How do you go about writing a post or article that is search engine optimized (SEO) and easy to read? Truthfully, as search engines become more advanced, that question becomes less of an issue. In fact, to write well for SEO, you must write well for humans. Why is that so?

SEO Writing for Dummies

I recently read a rather complex online guide to On-Page SEO that discussed a variety of machine learning methods used by search engines to understand what your online article or post is really about. It was eloquently written and sprinkled with high-sounding professional terms like Latent-Semantic Indexing (LSI) and term-frequency-inverse document frequency (TF-IDF) and co-occurrence. It was a well-informed piece of content if you spoke the vocabulary of the online search industry. However, it was a bit much for anyone who was not familiar with those industry-specific terms. For that reason, the article did not make its point clearly to the average layperson.

How Search Engines Understand What You Write

However, at the end of that article was a comment posted by a reader.  In it, she beautifully explained how search engines 'read and understand' with a simple, clear illustration. She compared Google's search engine to a person who speaks English very poorly as a second language. How do you communicate with that person in English? Typically, you will be using words and terms they will not understand. However, if you take words they do not know and connect them to words they do, they may understand. Contextual words give your keyword meaning.

Here's an example: Suppose your listener does not understand the meaning of the English word 'auto.' The word auto, depending on how it is used, can refer to a car or to something starting on its own without outside help. You want you listener to know that you are using the word auto to mean a car or vehicle. So, you mention words like drive, gas, engine, wheels, road, highway, Chevy... Those words, a number of which your listener does know, by their context, makes the meaning of the word auto apparent.

Fundamentally, this is how search engines understand what you write. They look for related words and synonyms in the body of your article or post. If you use the keyword auto in your post, most likely you will also use commonly related words like drive or road or even a brand name like Chevy. Search engines make the connections between those related words and terms to figure out that your article or post is about a car. This is a surprisingly reliable way of getting search engines to understand what your online post is about.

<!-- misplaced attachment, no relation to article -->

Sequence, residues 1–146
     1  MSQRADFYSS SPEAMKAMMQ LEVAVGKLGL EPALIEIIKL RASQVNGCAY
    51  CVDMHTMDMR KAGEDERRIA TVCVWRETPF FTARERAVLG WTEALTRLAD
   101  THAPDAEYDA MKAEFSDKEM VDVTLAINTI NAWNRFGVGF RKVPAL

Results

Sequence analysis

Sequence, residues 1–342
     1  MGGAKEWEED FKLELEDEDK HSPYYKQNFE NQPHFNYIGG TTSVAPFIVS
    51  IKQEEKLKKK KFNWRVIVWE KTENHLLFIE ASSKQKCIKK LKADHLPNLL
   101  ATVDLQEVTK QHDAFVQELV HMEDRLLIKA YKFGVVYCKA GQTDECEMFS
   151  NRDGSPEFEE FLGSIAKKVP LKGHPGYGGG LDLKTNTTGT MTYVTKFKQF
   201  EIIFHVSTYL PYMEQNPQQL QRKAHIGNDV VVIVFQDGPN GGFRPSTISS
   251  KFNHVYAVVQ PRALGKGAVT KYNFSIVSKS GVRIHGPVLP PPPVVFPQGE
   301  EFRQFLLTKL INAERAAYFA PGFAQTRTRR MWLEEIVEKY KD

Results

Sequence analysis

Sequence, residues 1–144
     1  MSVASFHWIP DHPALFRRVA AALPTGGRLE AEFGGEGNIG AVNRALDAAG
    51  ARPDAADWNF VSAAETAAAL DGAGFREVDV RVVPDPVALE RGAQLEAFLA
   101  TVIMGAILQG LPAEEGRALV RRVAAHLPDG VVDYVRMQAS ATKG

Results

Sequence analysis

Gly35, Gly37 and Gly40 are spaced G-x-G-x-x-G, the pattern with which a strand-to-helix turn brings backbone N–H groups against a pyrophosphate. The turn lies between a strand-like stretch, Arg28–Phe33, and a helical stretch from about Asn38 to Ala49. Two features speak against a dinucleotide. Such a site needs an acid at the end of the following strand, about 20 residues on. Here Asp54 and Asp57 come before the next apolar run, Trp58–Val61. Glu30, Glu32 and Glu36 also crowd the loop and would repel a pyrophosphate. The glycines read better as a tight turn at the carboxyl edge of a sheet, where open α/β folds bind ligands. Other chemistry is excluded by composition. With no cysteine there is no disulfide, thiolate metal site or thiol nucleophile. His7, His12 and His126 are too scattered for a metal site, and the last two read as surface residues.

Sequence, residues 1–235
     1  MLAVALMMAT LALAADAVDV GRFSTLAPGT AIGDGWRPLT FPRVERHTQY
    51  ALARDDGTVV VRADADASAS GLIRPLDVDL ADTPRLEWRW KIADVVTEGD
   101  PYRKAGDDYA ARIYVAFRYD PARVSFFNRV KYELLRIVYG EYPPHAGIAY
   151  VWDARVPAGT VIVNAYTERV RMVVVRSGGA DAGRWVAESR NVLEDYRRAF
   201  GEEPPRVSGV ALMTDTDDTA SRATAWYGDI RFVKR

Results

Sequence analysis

How To Write For Good SEO

So, with this in mind, how should you write for SEO? It's quite simple. Use synonyms and related words and terms to support, explain and elaborate on your main keywords. Make sure that what you write is easy to understand. If your article is meant for the general public, then it should read at the high school level. Explaining matters simply benefit both readers and search engines. The more connections a search engine can make between related words and terms in your online post, the better equipped it is to index it for relevant search results.

Repeating your main keyword often in a post is not good SEO writing. Use synonyms and related terms to help Google better understand your content.

Simply repeating your main keyword often in the body of your content is not a good way to write for SEO. You limit the search engines ability to make those critical connections between related terms. Vary your vocabulary. Use a thesaurus to discover words of similar meaning along with related descriptive terms that are commonly used when discussing your topic. Use of your main keywords must be supported by words and terms in the context that search engines expect to see when your topic is discussed.

Sometimes (especially in Google), you may find your post in a search result for a term not found in your writing. How is that possible? Google has determined that your article uses synonyms or words related to the search term. For example, I have written articles that only use the term Manhattan and found them returned as search results on Google for New York or NYC.

That, in a nutshell, is how to write content that is clear and understandable both to search engines and to your audience.

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